SK: But I think that the question was referring to the situation that Your Holiness is in – not being completely free to go where you wish. [The Karmapa resides at Gyuto Monastery, a Gelug Tantric College near Dharamsala, India, with only the occasional short trip away]. What can be learned from such a situation, or how can one use the Dharma to deal with such a situation?
HH: There are both positive and negative qualities. On the positive side, having the opportunity to go about freely means that one’s awareness of the outside world is up to date. You see and hear more, and this can go together with the times.
On the negative side, if you stay mostly in just one place, when you do go out, then you’re a little bit backward or stupid. You’re not up to date.
For me, having to stay in one place like this is good. I don’t hear or see much, so my mind is more peaceful. Hearing and seeing too many things agitates the mind. But this kind of situation wouldn’t be good for everyone. For many people, it’s good to be able to see and hear more things; this is good for their healthy development.
Once you see both sides of the world – the happiness and the suffering – then there’s the opportunity to become a genuine Dharma practitioner.
SK: Do you have any advice on how a young reincarnate lama can cope with the expectations placed on him by students of the previous incarnation?
HH: A young reincarnate lama must study closely the activities of the previous lama, and in that way will be able to continue and fulfill those activities. However, it’s not fair to say that he must do exactly what the previous one did, because the change of time will affect the manner in which his activities will continue. But the essence of his activities must follow those of the previous one, based on the teachings of the Buddha.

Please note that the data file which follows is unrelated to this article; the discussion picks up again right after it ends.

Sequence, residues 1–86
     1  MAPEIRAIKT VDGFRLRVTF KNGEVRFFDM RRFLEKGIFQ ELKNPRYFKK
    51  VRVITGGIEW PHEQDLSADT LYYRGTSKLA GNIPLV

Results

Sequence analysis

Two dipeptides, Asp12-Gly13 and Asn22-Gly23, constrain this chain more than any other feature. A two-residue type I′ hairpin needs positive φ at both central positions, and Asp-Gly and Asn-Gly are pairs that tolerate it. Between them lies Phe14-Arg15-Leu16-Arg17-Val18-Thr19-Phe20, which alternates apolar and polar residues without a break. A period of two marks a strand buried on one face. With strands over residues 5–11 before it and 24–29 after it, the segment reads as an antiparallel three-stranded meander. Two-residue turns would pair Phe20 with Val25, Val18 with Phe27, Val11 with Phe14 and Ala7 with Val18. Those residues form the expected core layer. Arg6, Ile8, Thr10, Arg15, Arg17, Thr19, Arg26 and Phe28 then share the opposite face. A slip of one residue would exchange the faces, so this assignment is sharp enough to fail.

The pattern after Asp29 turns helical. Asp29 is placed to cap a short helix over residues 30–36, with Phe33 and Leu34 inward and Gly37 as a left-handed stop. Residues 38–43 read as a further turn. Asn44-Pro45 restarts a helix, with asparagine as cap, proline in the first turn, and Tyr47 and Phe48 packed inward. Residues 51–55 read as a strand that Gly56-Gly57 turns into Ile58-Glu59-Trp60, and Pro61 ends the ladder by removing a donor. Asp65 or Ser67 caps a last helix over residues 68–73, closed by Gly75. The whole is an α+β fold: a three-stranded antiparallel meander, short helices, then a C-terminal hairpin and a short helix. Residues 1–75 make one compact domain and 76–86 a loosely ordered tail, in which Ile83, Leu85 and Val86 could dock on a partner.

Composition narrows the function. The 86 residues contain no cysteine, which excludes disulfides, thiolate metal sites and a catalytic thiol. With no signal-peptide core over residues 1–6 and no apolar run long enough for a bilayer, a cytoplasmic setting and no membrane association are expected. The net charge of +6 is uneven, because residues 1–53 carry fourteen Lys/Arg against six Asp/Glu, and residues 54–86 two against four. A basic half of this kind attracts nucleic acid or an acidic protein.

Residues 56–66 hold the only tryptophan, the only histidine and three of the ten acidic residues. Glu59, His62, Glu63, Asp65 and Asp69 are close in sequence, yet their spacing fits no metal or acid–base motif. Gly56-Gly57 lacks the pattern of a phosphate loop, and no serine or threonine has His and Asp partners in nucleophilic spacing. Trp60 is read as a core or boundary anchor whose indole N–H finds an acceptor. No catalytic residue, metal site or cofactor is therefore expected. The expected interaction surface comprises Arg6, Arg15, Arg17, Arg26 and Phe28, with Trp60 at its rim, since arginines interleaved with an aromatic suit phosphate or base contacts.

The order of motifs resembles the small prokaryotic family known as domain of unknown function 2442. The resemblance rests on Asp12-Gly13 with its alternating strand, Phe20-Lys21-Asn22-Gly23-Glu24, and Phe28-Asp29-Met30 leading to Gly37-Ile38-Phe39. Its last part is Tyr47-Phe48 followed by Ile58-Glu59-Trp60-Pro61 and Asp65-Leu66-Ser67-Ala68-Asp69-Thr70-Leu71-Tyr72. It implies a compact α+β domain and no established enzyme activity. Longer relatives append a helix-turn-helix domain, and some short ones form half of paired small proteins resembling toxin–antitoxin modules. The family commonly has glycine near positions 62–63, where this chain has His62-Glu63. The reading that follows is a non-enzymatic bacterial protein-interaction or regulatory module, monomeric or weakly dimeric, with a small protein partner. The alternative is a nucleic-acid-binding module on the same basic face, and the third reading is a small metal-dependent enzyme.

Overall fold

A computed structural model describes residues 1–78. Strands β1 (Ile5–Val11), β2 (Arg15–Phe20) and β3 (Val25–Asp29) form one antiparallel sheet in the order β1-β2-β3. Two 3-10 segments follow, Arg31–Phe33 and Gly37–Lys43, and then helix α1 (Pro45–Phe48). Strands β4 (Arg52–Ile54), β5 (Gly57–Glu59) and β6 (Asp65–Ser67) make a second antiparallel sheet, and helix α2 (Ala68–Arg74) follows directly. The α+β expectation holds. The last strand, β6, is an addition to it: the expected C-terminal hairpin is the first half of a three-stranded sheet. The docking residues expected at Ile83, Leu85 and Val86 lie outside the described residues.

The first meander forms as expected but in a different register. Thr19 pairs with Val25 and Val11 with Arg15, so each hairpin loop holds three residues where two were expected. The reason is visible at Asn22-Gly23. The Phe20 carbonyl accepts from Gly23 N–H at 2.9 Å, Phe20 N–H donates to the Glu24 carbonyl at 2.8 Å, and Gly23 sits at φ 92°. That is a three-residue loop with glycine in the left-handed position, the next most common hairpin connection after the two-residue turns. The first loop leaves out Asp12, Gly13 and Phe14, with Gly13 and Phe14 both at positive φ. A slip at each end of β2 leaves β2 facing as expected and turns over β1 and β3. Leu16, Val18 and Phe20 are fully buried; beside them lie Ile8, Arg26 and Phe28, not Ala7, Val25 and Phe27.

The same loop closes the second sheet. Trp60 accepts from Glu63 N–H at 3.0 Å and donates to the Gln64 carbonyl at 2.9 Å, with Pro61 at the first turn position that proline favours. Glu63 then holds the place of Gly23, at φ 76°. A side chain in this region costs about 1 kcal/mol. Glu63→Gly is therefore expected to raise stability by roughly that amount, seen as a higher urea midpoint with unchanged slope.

SK: Is it necessary for non-Tibetan practitioners to learn and practice all the various rituals of Tibetan Buddhism, e.g., making tormas, playing instruments, doing cham dancing?
HH: It depends on the individual, if one wishes to do these practices or not. However, if one does do a ritual, it must be done properly. Vajrayana rituals are vast, but whatever you do, do it well and according to the prescribed instructions, and not for show.
There are longer and shorter versions of rituals; perhaps non-Tibetans can opt for the shorter versions.
SK: Do you have any other advice for Western practitioners?
HH: The attitudes of Eastern people and Western people are a little different. But there is one thing that they have in common: Both look for happiness and wish to be free from suffering. We all want to be happy and free from suffering. Dharma practice will bring benefit if we work hard with diligence.
Buddha’s Dharma is meant to be studied in an investigative way; therefore, it is very relevant to the Western mind, because you like to investigate things. So this Dharma will meet with your attitudes, but you must work hard at it.
American nun Ven. Sangye Khadro (Kathleen McDonald) was ordained in Kopan Monastery, Nepal, in 1974 and has been teaching in many countries since 1979. In 1988 she took the full ordination or Gelongma vows. Her book, How to Meditate, is a Wisdom Publications’ bestseller, now in its fourteenth printing.